Elementary and Secondary School Counseling $52.2 million $49.5 million $0
School Leadership $14.47 million $19.22 million $98 million
Improving Teacher Quality State Grants $2.466 billion $2.338 billion $0
Math and Science Partnerships (ED) $149.7 million $141.8 million $0
IDEA Personnel Prep $88.2 million $83 million $85.7 million
Investing in Innovation $149.4 million $149.4 million $215 million
Institute of Education Sciences $593.7 million $562.6 million $671.1 million
Math and Science Partnerships (NSF) $57.07 million   $57.08 million*
*Program renamed  STEM-C Partnerships
Robert Noyce Teacher Scholarship Program $54.89 million   $60.89 million

Below are highlights of major initiatives in the president's budget.

Excellent Instructional Teams
The president's new Excellent Instructional Teams initiative, with a funding request of $2.96 billion, comprises three programs: Effective Teachers and Leaders State Grants; Teacher and Leader Innovation Fund; and School Leadership. Funds under these three competitive grant programs would be used to overhaul educator evaluation systems; reform certification systems; recruit, prepare, and retain educators; create professional development; and create accountability systems for educator preparation programs. Funding is derived from the consolidation of Title II, ESEA Teacher Quality state grants, TQP grants, Transition to Teaching, and many other current federal grant programs that support educator quality efforts. To find out more, see pages 21-22 of the president's budget request.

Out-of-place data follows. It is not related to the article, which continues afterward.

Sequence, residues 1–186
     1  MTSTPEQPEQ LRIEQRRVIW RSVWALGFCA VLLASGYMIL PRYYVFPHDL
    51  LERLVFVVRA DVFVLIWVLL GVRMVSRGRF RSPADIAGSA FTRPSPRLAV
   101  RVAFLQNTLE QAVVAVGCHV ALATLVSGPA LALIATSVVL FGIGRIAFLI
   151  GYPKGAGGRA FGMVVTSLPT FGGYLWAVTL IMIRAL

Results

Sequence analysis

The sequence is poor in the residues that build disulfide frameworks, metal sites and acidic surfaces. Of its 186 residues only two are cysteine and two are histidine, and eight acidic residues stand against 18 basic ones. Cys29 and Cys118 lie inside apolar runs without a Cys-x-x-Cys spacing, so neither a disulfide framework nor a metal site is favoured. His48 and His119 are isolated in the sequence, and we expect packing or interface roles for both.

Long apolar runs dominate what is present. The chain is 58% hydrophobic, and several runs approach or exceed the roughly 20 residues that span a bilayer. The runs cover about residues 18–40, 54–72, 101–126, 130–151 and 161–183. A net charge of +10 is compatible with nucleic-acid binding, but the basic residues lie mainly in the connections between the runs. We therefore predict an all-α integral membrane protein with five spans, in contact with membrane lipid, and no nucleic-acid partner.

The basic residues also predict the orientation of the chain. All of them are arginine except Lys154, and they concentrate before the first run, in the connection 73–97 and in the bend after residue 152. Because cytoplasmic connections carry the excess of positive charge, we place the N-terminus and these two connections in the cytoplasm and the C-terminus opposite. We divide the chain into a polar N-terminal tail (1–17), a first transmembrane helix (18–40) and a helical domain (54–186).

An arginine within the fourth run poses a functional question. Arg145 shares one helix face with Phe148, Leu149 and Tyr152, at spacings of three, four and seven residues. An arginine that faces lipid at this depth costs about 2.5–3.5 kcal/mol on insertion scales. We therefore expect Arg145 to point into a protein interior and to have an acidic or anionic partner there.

TEACH
The president also proposes to replace the TEACH grant program with the new Presidential Teaching Fellows (PTF) program. PTF would fund scholarships of up to $10,000 for students attending "high-performing" teacher preparation programs. PTF would require participants to be prepared to teach a high-need subject and commit to teach in a high-need school for at least 3 years. This program, which would require states to rank preparation programs using federally determined criteria, is largely the same proposal the U.S. Department of Education put forward in last year's negotiated rule making on Title II and Title IV of the Higher Education Act. To find out more, see page 52 of the president's budget request.